TSA Wins An Oscar

Speaking of our friends at my favorite federal agency, TSOs (TSA Officers) are celebrating having finally won an Oscar for their fine work. Okay, not quite, but it’s a little sad that they’re getting excited about one of their own being a hero in a movie.*

Yes, I understand that the TSA doesn’t get portrayed positively in the media very frequently. Gee, I wonder why? This giant version of the Stanford Prison Experiment has managed to make itself into a running joke, one which we’re told to grin and bear, even as it potentially kills more people than it saves.**

Hey, if this character wants to tell people that he’s a detective, more power to him. Anything can be true in the movies.

 


*If you haven’t seen “Get Out,” you’re missing one of the best films of the year.

**For those who want to read about the TSA from a strictly numbers point of view, this article is worth your time.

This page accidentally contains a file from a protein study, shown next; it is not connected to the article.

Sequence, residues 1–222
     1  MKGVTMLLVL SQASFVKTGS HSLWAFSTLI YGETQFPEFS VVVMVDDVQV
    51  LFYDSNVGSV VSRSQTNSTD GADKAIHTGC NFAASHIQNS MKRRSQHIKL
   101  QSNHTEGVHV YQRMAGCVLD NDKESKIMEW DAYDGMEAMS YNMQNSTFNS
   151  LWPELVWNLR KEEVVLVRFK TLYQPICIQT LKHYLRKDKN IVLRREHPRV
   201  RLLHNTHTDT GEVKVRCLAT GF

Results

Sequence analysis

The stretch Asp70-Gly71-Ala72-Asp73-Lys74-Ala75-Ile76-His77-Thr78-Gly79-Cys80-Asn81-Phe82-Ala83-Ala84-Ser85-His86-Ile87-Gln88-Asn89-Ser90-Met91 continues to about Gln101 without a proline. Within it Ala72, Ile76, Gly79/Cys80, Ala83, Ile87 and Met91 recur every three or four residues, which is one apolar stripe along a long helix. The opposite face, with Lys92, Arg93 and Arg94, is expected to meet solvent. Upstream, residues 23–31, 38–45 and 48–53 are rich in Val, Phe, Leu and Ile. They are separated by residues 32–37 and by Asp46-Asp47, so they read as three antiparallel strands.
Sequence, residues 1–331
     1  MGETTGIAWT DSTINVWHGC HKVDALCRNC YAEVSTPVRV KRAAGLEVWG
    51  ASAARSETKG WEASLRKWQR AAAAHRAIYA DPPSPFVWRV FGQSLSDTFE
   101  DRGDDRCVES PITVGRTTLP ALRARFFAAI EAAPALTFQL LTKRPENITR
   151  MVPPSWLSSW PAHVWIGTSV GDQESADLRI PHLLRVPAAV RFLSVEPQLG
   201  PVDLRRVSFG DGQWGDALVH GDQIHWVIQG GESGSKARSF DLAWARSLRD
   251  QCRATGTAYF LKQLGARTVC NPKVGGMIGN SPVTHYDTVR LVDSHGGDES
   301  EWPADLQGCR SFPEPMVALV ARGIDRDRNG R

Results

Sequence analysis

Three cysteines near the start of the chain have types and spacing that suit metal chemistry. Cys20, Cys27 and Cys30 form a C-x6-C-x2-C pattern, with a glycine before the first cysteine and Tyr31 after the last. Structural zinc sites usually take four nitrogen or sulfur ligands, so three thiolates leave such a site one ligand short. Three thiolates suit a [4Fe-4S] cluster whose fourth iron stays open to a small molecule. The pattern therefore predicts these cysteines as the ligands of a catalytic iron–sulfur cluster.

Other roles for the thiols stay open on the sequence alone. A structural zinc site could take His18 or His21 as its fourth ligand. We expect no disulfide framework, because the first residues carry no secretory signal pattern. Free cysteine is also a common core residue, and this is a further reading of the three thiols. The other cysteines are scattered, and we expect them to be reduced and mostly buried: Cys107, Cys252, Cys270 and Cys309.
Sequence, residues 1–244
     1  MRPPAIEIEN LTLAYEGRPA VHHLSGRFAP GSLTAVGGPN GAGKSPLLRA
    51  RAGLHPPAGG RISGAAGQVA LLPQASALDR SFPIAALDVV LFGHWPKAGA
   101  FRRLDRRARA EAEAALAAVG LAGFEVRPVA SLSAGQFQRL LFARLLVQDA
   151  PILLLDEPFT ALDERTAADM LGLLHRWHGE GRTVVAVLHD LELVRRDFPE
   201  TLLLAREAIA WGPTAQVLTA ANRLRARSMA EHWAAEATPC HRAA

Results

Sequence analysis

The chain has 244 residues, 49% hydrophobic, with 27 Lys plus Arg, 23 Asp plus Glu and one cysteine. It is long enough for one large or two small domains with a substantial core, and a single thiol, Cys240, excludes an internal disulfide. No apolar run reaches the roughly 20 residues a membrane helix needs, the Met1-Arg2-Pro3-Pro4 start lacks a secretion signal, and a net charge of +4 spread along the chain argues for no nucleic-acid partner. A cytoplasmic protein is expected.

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And finally, you can apply for credit cards through the Credit Cards for Charity link above. All card proceeds are donated to charity, so please do well by doing good!

Jan 27

Minneapolis in Winter (Coach) Or April In Paris (First)?

Somewhere in Atlanta, there’s a guy in Delta’s revenue management department who’s jumping up and down like it’s Christmas. Except for him, it’s something better: It’s a Super Bowl in a Delta hub.

Going to MSP? Good Luck.*

delta, super bowl

The NFL isn’t the only one to make money from the Super Bowl

A few years ago, Delta switched the way that they price mileage redemptions. Instead of your paying a fixed amount, the cost in miles would move up and down with demand. Well, there’s demand.

If you haven’t bought your airline tickets yet, well, you’ll pay for waiting. Let’s assume that you want to fly out Friday, spend Saturday getting lost in the skyways and then return on Monday. Those miles that you’ve so diligently been hoarding will come in useful for the 977 miles trip from Philadelphia to Minneapolis. Not very useful, though, with coach tickets running 150,000 miles for a non-stop flight to U.S. Bank Stadium. Think you’ll do better by paying out of pocket?

super bowl, delta

A flight to Minneapolis or a few new TVs to watch the game in your warm living room.